The oil-and-gas boom in northwest Colorado has attracted thousands of workers causing a high demand for housing. With no other place to stay, energy workers are swarming into local motels. This might benefit the hotel industry, but have “no vacancy” signs shut out tourists, the Western Slope’s traditional economic mainstay? For Glenwood Springs, this scenario has had good and bad sides.“We’re getting killed,” Glenwood Springs mayor, Bruce Christenson, complained to Gov. Bill Ritter during a special mountain mayors meeting last week. “A third of Glenwood’s hotels are filled with oil-and-gas workers, driving tourists away, yet we get very little in return.”
“That number is anecdotal,” said Kate Collins, vice-president of Tourism Marketing at the Glenwood Springs Chamber of Commerce. She knows energy workers are staying at local motels and hotels even though Glenwood Springs is more than 30 miles away from the closest gas rig in Rifle. “But there are no hard studies to substantiate any impacts,” she noted.
“In the winter, there are plenty of places for tourists to stay and traditionally in the summer, it has always been a challenge to find motel rooms,” she added.
Located about 200 miles west of Denver on I-70, Glenwood Springs is a tourist mecca, especially for Front Range visitors, because it is conveniently located near popular, but much more expensive destinations such as Vail and Aspen. Glenwood also hosts the world’s largest public hot springs pool. The chamber estimates that tourism generates about $94 million in Glenwood’s economy.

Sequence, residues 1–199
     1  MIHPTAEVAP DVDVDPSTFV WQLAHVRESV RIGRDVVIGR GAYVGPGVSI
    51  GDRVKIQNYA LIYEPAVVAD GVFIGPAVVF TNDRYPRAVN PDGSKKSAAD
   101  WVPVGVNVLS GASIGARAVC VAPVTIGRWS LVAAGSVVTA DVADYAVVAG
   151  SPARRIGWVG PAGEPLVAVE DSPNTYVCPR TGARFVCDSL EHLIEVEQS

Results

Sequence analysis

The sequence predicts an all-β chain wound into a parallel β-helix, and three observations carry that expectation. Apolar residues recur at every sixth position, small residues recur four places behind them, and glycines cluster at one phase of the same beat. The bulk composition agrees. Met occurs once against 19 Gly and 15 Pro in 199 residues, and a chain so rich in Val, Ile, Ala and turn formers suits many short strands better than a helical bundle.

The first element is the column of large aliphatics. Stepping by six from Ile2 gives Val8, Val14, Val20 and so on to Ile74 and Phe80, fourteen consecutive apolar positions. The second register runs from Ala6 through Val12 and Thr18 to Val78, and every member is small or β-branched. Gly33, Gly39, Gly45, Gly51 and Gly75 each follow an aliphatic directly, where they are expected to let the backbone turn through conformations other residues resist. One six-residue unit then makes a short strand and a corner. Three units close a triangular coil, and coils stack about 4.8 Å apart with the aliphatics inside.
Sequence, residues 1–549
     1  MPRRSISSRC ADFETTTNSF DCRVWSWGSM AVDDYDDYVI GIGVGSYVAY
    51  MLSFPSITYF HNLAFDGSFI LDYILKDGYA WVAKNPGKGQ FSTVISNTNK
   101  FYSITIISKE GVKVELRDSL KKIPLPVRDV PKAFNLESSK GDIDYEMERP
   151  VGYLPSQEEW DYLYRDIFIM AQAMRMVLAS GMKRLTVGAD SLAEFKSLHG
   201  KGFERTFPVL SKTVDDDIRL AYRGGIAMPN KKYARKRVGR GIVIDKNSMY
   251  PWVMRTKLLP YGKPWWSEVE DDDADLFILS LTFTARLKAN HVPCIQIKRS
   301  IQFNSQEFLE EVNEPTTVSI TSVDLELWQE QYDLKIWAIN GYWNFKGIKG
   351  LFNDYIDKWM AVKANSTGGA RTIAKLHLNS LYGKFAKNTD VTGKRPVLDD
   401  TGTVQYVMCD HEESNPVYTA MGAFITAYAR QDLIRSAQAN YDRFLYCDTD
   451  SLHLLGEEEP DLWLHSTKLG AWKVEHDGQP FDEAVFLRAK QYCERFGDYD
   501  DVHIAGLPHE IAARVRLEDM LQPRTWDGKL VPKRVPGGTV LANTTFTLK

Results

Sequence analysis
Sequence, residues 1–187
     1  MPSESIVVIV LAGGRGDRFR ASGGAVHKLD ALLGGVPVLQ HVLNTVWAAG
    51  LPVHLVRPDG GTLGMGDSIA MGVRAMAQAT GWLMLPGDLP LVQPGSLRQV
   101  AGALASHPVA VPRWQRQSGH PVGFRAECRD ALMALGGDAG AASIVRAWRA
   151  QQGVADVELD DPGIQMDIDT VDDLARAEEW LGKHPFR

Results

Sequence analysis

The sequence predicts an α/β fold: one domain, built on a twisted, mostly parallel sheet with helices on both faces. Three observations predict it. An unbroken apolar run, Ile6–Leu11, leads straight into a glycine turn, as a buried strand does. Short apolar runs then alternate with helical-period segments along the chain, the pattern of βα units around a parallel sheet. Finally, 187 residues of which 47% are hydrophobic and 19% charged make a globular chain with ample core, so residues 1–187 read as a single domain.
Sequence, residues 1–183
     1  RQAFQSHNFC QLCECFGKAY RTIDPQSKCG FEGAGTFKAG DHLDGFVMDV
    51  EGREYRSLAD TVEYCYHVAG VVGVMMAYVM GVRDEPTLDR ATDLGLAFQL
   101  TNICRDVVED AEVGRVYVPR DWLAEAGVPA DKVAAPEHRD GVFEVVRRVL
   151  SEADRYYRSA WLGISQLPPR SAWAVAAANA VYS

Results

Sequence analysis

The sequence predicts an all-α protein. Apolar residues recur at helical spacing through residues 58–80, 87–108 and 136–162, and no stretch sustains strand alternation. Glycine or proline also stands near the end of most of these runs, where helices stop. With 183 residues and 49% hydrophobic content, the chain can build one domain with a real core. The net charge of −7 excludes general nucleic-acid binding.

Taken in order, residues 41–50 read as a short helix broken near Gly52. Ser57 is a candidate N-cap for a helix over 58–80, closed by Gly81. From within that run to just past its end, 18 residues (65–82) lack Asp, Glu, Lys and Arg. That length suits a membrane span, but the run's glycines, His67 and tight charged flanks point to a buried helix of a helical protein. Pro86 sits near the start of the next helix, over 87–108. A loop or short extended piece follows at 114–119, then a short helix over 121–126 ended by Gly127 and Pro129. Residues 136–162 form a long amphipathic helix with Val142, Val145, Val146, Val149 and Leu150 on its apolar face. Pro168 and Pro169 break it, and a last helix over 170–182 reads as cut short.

A quick survey of merchants and clerks in downtown Glenwood Springs produced a mixed response about the influx of energy workers in town.
At one antique store, Bob Daniels complained that business has been slow. Tourists seem more sparse now than the year before. “I used to work on the oil platforms down in Louisiana and I know how the industry can impact the environment,” he said. “That can drive tourists away if we’re not careful.”
A clerk at a local bead store overheard a conversation over the summer that concerned her. “A Denver couple complained that the motel they were staying at was more like a man camp,” the woman related. “But, otherwise, I haven’t heard of any problems about the availability of rooms.”
“Before Christmas, energy employees came in to buy presents for their families,” a gift shop manager said. “They have been good for our business and for restaurants, too.”
A bookstore employee said she used to work for a local motel that now caters almost exclusively to oil-and-gas workers. “You can’t blame the motel owners for wanting to fill up their rooms,” she noted.
Randy Corry, owner of Canyon Leathers, was philosophical about the changes in the hotel industry in Glenwood Springs. He has also seen an increase of business from customers in the energy field.
“The motel properties that now cater to oil-and-gas workers haven’t made improvements in a long time,” he said. “It’s probably a good thing that tourists don’t stay in those places anymore.”
Photos by Leslie Robinson. Top: The Hotel Colorado and the Hot Springs Pool slide are some of the tourist attractions in Glenwood Springs. Bottom: Glenwood’s downtown area is busy in the summer.
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